The oil and gas fields under Utah, Wyoming, Colorado and Idaho are about one-third the size of the mammoth Prudhoe Bay finds in Alaska and among the largest on earth, a top government geologist said yesterday.

If additional estimates of undiscovered oil resources there are included, the field could be just as big as Prudhoe, according to Richard Powers of the U.S. Geological Survey office in Denver.

The resources are in addition to vast reserves of oil shale, coal and uranium that already have sparked major energy projects in the West. Powers' numbers, to be published by the USGS at the end of the month, are not new but represent the first comprehensive totaling of the oil finds, he said.

Powers was one of several scientists who warned the American Association for the Advancement of Science convention here that developing the huge energy resources of the West will create vast problems of sudden population growth, environmental pressures and economic impact. The stress already has begun with the expansion of oil shale and coal surface mining in the region.

Powers told a press conference that 3.3 billion barrels of oil and 16 trillion cubic feet of gas have been discovered along the so-called "overthrust belt" underground formation, which is a folded section of the earth's crust from one to four miles down. The average estimate of undiscovered recoverable reserves there is 6.7 billion barrels of oil and 58.4 trillion cubic feet of gas, he said, or 8 percent of all U.S. estimated undiscovered oil and 10 percent of all undiscovered gas, including fields offshore.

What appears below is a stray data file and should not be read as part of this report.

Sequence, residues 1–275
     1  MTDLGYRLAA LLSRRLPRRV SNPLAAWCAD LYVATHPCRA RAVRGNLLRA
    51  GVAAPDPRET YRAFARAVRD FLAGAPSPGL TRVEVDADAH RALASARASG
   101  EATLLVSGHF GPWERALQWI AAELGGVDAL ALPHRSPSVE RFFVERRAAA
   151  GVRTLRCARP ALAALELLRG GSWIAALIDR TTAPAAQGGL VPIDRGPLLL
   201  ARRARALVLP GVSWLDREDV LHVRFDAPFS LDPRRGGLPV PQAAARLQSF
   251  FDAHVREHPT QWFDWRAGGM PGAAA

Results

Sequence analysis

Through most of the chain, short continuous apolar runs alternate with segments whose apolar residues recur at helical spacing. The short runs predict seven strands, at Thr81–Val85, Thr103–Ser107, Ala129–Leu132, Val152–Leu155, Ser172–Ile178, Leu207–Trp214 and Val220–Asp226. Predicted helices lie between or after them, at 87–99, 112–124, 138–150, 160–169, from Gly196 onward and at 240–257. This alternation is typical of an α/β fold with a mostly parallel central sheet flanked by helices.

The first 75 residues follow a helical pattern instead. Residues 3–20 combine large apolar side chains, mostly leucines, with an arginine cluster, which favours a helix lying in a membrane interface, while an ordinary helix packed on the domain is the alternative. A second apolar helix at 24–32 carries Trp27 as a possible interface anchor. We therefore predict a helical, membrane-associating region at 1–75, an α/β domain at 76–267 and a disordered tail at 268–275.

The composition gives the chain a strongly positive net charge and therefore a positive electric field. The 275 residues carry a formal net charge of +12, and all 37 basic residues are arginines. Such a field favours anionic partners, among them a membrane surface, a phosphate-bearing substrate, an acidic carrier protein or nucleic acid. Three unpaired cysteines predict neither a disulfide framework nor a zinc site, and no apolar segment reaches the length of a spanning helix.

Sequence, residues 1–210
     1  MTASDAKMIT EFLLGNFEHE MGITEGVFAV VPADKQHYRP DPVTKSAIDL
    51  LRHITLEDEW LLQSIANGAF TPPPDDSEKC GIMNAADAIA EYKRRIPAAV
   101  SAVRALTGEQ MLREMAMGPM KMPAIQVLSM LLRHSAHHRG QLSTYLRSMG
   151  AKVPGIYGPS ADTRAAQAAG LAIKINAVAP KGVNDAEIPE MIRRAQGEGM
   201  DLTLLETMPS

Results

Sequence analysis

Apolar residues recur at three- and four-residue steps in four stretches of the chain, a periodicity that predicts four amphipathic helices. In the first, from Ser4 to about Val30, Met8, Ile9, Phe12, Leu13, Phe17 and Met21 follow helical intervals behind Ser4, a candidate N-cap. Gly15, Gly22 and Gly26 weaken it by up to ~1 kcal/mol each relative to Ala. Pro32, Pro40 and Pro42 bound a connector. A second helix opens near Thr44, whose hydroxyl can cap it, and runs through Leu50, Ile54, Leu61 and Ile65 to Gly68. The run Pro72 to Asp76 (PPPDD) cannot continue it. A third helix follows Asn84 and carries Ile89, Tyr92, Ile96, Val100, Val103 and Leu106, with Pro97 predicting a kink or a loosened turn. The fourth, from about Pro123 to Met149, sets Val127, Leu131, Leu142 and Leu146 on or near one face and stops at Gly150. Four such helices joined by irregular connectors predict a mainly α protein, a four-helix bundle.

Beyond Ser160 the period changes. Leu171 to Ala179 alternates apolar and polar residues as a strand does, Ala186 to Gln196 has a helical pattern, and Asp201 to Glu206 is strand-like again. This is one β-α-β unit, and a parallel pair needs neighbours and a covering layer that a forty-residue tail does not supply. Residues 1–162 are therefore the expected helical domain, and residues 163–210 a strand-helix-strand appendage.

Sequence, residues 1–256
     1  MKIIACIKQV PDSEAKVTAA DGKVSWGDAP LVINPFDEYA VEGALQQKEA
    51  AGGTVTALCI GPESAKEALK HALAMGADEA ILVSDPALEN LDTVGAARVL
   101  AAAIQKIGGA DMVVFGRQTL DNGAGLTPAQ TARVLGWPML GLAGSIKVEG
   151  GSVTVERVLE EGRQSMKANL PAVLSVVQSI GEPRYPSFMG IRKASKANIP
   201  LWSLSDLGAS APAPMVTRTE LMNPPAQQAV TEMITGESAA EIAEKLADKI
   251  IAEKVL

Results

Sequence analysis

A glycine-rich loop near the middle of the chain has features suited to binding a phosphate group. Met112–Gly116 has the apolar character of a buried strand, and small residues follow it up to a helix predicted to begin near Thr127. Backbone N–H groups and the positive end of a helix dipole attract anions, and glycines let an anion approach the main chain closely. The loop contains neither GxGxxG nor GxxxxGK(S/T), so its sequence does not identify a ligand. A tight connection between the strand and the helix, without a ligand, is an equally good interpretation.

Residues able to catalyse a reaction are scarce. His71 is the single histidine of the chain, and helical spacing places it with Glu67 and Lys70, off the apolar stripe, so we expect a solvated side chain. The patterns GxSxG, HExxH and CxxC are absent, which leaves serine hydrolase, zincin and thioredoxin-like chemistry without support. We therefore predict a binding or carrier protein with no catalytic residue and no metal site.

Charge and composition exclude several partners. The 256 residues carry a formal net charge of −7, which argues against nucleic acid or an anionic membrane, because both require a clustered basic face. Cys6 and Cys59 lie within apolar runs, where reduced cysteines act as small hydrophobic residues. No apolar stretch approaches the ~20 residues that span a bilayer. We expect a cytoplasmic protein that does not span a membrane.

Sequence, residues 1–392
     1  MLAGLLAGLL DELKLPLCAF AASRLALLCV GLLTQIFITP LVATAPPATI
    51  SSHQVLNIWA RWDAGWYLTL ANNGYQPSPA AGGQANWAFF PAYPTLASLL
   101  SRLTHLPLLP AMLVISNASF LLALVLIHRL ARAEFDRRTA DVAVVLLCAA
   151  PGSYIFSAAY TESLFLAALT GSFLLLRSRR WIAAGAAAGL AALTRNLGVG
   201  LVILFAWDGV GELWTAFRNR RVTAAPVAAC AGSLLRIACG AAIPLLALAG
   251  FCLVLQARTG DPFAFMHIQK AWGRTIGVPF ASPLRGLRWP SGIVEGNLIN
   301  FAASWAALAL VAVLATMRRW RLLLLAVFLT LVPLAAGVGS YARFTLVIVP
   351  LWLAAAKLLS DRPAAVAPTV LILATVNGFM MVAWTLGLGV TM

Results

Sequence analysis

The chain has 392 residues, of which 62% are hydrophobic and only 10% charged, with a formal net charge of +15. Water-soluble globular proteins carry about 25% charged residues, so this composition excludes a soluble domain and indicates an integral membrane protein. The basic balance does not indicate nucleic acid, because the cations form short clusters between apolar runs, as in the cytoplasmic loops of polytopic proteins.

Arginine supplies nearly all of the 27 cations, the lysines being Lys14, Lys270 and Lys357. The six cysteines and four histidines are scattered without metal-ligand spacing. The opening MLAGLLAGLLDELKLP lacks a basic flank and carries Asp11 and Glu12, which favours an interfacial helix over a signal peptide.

"The key thing is, we're finding large fields, major fields, giant fields" where the reserves are in a continuous formation, said Powers, head of the USGS's overthrust belt analysis project. There is at least one "supergiant" field of 100 million barrels of oil or more, he added.

It is too early to know how much of the oil can be gotten out of the ground, and at what price, he said. The soils are very hard, and wells now are costing $4 million to $6 million each.

Dr. William Freudenberg, assistant professor of sociology at Washington State University, said the western energy boom already is causing "dismal" statistics of mental illness, crime and other social impacts in the arid area, although the population flood there is just beginning.

The town of Rock Springs, Wyo., had a 100 percent population increase over three years in the 1970s and an 857 percent increase in the use of its mental health center, he said. Freudenberg said later that studies show local natives and old-timers, rather than the newcomers, are feeling the stress.

Although sudden population growth means that more sewers, police, schools, hospitals and other services are needed, the taxes the newcomers pay at first do not cover the needs, Freudenberg said. The government response is often to become larger, more bureaucratic and impersonal, changes "which may not be parts of the solution but parts of the problem," he added.